Synthesis and Modeling of Poly(L-lysine) Based Biomaterials for Regenerative Medicine
Type of Degreedissertation
Polymer and Fiber Engineering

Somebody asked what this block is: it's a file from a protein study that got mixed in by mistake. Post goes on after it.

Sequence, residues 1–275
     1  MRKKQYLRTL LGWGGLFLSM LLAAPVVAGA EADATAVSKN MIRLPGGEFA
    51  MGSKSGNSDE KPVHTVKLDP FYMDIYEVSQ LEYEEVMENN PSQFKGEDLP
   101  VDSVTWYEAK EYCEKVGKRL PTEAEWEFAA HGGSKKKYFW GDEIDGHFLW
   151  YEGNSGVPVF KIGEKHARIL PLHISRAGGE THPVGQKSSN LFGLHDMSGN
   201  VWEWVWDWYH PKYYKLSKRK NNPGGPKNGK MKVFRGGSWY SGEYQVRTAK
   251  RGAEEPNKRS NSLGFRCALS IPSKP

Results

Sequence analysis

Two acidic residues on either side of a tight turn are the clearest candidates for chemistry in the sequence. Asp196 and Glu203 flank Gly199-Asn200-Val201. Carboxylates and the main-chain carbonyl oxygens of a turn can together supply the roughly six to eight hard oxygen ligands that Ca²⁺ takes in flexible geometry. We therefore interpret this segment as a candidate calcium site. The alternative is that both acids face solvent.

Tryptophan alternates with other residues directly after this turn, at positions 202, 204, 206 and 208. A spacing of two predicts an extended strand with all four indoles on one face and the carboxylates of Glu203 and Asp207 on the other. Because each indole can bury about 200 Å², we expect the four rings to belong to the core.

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The need for tissue engineered scaffolds is growing due to the shortage in organ donation, the immunoreactions to allotransplants, and the high cost associated with transplantation. This work focuses on the material selection and processing which are keys for a successful design of any tissue engineered structure. Poly(L-lysine) (PLL) was selected in this work as a base for developing scaffolds due to its biocombatability and bioabsorbability. PLL, on the other hand, has limitations in use due to its hydrophilicity that weakens its structures in aqueous and physiological conditions. To overcome these limitations, two hypotheses are suggested in this dissertation; the first hypothesis is that a micro-scale composite of PLL with a high crystalline material can enhance the final properties of PLL. The second hypothesis is that the properties of PLL structures can be controlled by forming a molecular-scale composite with another crosslinked bioresorbable polymer. To attest these hypotheses, nanocomposite materials from PLL and microcrystalline cellulose (MCC) were produced and processed in different ways. Also, molecular-scale composites of PLL and networked structure of poly(L-lactide) (PLA) were produced. The experimental results for the synthesized PLA were then compared to the data obtained from molecular modeling techniques. Results of PLL with MCC show intimate composite structures with attractive electrostatic forces between the components. Processing condition of PLL was found to affect its secondary structure with α-helix secondary structure for samples prepared at pH 7. Inclusion of hydrolyzed MCC particles resulted in increasing the crystallinity of the semi-crystalline PLL which enhanced the swelling properties of the produced scaffolds. To produce branched PLA, a novel solution-based ring opening polymerization method was introduced and the properties of the produced polymers were studied. Thermal properties of PLA indicated a double melting behavior which was shown to be a result of the concurrence of crystallization and melting of the polymer chains. Chemical neutralization of PLL salt was able to dissolve PLL in organic solvent where the branched PLA was crosslinked. The structure and energy of lactide were predicted using electronic modeling techniques and results matched to a reasonable extent the experimental values obtained from X-ray single crystallography. The path of the ring opening polymerization (ROP) of PLA was modeled and its activation energy was calculated. Molecular dynamic (MD) simulation was able to predict the glass transition temperature of PLA with about 3 ˚C margin of error.